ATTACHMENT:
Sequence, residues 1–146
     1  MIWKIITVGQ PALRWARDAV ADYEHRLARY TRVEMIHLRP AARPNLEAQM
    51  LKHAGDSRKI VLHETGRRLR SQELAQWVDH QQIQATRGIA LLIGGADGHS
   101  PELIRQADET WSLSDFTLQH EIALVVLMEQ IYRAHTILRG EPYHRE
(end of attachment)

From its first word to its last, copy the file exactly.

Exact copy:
Sequence, residues 1–146
     1  MIWKIITVGQ PALRWARDAV ADYEHRLARY TRVEMIHLRP AARPNLEAQM
    51  LKHAGDSRKI VLHETGRRLR SQELAQWVDH QQIQATRGIA LLIGGADGHS
   101  PELIRQADET WSLSDFTLQH EIALVVLMEQ IYRAHTILRG EPYHRE